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R&D and Patent Box

Research and Development (R&D) and Patent Box tax relief are generous incentives aimed at promoting innovation and economic growth. These incentives provide companies with opportunities to reduce corporate tax liabilities or secure significant cash rebates by engaging in cutting-edge research, development, and patent-related activities.

Benefitting from Innovation: R&D Tax Relief

For small and medium sized companies (“SME”s) with profits there is a “super” tax deduction. Until 1 April 2023 an SME spending £10,000 on eligible R&D could save tax of up to £2,470. This will be substantially reduced after 1 April 2023. Where the extra deduction creates or increases a tax loss it may be possible to surrender the loss and receive a cash repayment instead of up to £3,335 (£1,860 from 1 April 2023) for every £10,000 of qualifying expenditure.

The regime for larger companies is less generous, but nevertheless very worthwhile. Large companies (or members of large groups) can receive a taxable credit of 13% (20% from 1 April 2023) of qualifying expenditure under the R&D Expenditure Credit “RDEC” scheme.

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Autumn Statement 2022 & Spring Budget 2023 Revises R&D Tax Relief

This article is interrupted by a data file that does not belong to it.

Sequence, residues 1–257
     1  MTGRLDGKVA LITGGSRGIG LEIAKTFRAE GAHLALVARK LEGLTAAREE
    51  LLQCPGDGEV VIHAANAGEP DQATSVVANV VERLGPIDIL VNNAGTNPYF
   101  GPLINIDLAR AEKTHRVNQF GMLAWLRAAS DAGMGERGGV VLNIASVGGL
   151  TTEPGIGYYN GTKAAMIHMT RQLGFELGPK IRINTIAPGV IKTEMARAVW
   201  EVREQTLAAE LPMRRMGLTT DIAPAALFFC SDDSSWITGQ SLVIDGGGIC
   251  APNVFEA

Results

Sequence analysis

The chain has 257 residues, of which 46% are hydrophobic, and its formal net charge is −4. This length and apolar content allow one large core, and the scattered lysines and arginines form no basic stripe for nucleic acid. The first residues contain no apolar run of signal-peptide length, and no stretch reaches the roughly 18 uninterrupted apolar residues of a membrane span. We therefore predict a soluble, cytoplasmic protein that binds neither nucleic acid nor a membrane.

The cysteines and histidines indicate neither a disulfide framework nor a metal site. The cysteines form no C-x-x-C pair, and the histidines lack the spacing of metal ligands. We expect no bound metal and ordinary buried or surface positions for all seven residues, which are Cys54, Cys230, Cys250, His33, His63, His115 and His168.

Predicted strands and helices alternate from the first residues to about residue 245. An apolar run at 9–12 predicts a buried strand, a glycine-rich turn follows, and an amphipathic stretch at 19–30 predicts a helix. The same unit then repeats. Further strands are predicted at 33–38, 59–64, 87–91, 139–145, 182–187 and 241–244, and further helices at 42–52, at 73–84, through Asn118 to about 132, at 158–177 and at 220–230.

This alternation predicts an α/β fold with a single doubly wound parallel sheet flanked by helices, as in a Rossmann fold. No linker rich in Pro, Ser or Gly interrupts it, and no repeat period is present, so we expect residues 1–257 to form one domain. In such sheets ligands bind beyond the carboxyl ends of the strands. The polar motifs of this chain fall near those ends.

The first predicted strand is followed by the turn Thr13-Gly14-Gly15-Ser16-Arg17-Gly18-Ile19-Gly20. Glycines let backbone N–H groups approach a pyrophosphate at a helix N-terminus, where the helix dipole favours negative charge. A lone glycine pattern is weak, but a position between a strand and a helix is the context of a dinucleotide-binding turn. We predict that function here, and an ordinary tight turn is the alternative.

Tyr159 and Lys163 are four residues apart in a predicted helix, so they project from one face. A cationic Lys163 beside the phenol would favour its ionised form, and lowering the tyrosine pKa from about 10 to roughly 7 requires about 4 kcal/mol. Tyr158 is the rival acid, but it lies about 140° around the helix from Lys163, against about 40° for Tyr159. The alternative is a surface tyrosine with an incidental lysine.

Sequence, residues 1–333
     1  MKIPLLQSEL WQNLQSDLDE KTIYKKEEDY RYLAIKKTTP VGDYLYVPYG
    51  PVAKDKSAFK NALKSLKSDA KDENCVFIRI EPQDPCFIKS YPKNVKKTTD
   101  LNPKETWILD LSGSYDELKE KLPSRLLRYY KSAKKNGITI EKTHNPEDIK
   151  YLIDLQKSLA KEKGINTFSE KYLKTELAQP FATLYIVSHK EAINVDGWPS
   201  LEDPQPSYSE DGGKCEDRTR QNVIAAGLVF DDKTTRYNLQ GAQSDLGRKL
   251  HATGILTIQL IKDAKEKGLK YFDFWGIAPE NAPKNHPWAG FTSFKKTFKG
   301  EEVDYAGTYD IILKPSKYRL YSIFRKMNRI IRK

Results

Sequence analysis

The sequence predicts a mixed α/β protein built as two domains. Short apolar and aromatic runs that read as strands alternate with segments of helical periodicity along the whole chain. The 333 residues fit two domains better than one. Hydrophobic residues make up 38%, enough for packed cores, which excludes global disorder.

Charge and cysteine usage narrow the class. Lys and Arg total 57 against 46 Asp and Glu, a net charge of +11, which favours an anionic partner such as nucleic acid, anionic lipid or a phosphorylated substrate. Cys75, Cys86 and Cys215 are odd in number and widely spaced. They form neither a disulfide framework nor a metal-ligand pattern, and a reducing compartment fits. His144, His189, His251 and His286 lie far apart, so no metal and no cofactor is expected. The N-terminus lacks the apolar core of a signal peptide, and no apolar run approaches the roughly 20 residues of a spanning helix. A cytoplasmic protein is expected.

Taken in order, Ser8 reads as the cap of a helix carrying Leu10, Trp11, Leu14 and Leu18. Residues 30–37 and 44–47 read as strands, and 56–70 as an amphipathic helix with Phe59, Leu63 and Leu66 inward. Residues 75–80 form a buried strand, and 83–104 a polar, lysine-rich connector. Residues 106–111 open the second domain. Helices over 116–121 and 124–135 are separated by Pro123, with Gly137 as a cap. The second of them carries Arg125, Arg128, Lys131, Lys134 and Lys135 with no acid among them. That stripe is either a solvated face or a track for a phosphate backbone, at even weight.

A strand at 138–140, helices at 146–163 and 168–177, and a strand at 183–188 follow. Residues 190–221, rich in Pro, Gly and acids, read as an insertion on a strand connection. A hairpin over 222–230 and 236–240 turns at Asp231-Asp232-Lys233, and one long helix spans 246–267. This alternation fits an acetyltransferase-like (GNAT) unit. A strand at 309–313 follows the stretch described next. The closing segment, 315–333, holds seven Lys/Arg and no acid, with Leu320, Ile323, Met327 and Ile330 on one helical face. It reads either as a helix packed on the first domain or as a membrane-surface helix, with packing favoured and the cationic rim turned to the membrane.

The Autumn Statement of 2022 & Spring Budget 2023 has revised the relief for expenditure on or after 1 April 2023 with the aim of rebalancing the rates between the SME and RDEC schemes. The revised rates mean that the SME scheme becomes less generous, so that £10,000 of qualifying expenditure will save tax in a profitable SME of between £1,634 - £2,150, depending on the corporation tax rate applicable. That same amount spent in a loss-making SME will see a cash repayment of up to £1,860, however certain loss-making SMEs which are R&D intensive will qualify for an enhanced cash repayment of up to £2,697. The RDEC scheme, in turn, becomes more generous with the rate increasing to a 20% taxable credit.

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Patent Box

The patent box regime offers a 10% corporation tax rate on profits generated from UK and/or European patents and could lead to significant tax savings.

Maximising the opportunity to gain benefit from this regime requires some careful consideration including:

Patent ownership requirements – the reduced tax rates may encourage some companies to patent when previously they hadn’t. They need to factor in the time it takes to file a patent application and the time delays before grant of the patent.

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